medical malpractice lawyers in florida
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What Are Attorney Fees in Malpractice Cases?

Most malpractice cases are handled on a contingency fee basis, which means that you only have to pay the attorney a fee for his services if he obtains a recovery for you, either by settlement or trial. If he does not obtain a recovery, you owe him nothing for his services. Under almost all circumstances you will have a written contract with your lawyer that spells out the details of the attorneys’ fee agreement. The exact percentage charged will vary from state to state and region to region because of differences in state laws, bar regulations, and custom. Probably the average fee is between thirty percent (30%) and forty percent (45%) of the recovery. Keep in mind that there may be restrictions on the maximum a lawyer may charge, but there is no minimum required fee. If your case is good enough and the damages are big enough you may be able to negotiate for a lower fee than normally charged. Beware though, there are considerable differences between the skills and experiences of lawyers. Ask yourself, “if I needed brain surgery would I want the guy giving discounts on brain surgery this week because he doesn’t have enough work, or would I want the best?” Remember, a contingency fee lawyer is completely free to you until there is a recovery and a top notch lawyer has a better chance of getting a top dollar recovery for your injury. If you lose the case it makes no difference if the fee was going to be forty (40%) or going to be ten percent (10%). You will still recover nothing.

In November 2004, the doctors in Florida paid millions of dollars to collect signatures and place on the state election ballot a proposal to amend the state constitution to limit attorneys fees in medical malpractice cases to 30% of the first $250,000 of a recovery, and 10% of all amounts recovered over that. This proposed amendment was called “Amendment 3.” Virtually every major newspaper editorial board in Florida recommended that voters reject Amendment 3, because it was a trick. These doctors were not interested in helping patients make more money when they sued them. Doctors after all want to eliminate malpractice suits not encourage them. What they were really after was to make it nearly impossible for patients to find good lawyers who could afford to take on their case at such reduced attorneys fees. Click here to read what the editorial boards were saying. In spite of what the newspapers warned, the voters approved amendment 3.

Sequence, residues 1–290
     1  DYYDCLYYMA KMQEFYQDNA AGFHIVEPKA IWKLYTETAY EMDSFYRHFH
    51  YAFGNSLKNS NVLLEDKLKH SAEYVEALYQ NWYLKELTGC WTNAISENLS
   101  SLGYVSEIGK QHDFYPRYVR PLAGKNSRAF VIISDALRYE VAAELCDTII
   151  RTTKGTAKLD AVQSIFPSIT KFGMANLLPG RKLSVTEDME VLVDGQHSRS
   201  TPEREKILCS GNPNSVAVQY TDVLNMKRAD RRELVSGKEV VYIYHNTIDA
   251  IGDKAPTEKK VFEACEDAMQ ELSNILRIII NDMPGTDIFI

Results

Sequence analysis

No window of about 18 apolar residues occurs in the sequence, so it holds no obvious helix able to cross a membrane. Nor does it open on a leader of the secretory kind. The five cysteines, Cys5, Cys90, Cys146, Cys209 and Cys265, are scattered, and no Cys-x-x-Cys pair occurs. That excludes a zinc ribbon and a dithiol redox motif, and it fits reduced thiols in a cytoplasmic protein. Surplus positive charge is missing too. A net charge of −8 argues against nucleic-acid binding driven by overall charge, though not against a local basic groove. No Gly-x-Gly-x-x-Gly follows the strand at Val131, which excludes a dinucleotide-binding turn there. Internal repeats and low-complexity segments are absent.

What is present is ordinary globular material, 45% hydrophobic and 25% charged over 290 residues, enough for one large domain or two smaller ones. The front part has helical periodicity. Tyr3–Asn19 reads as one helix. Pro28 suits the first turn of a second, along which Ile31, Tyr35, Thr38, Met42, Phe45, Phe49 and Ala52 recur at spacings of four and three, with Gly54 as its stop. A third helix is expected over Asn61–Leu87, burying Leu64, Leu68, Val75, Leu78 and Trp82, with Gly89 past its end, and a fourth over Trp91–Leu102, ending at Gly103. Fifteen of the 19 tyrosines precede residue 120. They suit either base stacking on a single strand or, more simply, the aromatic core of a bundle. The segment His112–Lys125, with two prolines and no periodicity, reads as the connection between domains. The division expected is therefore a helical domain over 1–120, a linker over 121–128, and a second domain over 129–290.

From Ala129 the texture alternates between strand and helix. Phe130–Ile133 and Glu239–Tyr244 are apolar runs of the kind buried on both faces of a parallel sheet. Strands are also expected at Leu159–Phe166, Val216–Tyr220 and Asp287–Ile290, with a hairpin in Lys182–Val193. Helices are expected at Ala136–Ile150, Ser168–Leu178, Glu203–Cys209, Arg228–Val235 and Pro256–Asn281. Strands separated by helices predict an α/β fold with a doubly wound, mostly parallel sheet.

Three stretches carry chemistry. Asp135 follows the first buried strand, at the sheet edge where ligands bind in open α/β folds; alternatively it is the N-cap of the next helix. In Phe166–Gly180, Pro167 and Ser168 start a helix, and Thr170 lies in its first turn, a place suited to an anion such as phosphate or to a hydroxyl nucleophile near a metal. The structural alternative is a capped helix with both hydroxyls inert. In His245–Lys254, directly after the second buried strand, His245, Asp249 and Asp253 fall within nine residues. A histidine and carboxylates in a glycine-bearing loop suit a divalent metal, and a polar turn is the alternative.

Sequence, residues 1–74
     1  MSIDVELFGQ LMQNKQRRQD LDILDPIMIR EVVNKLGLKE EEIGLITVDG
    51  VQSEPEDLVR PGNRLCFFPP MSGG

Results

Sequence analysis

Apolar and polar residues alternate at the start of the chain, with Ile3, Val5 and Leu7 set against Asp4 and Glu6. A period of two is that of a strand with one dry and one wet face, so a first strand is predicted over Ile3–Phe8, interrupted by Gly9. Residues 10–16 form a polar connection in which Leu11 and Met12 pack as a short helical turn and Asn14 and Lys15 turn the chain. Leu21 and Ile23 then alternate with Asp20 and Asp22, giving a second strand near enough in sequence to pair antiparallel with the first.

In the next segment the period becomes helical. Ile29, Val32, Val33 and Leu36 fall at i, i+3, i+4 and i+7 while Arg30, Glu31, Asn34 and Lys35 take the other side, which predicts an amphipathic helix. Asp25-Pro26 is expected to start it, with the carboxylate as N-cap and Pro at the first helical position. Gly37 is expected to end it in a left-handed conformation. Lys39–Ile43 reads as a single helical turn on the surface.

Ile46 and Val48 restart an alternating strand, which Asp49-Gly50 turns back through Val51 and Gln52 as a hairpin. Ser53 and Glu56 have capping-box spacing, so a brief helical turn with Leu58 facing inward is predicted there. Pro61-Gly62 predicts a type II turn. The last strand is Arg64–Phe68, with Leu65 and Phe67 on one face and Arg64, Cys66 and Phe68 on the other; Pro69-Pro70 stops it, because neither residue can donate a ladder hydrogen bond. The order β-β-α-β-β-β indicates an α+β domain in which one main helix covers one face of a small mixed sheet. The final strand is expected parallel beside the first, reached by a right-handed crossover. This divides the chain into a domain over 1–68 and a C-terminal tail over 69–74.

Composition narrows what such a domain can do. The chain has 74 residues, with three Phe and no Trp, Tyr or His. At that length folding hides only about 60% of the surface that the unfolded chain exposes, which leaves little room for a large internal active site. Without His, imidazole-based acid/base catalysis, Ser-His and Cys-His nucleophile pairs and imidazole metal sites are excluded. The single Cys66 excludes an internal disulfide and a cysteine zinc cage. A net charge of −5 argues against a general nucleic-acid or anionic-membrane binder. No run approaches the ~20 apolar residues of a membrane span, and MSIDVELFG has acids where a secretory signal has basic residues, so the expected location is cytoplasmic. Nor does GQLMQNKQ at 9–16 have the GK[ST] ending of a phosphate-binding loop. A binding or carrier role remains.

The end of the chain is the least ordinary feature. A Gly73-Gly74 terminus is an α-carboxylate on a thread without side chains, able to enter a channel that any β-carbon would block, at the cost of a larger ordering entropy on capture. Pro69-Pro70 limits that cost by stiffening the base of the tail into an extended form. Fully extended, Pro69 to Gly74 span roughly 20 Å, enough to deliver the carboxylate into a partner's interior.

We do not know any malpractice lawyers who feel they can handle medical malpractice cases for that 10% contingency fee. Because people could not find lawyers to represent them, the Florida Bar and Florida Supreme Court have approved a written waiver of that limited attorney fee provision. Our firm will still take cases, but normally only if the client will sign the Florida Bar approved waiver of the 10% limitation and agree to a higher contingency fee.

If you believe you or a loved one have been the victim of medical malpractice, please let us know. We are easy to talk to and would like to review your case.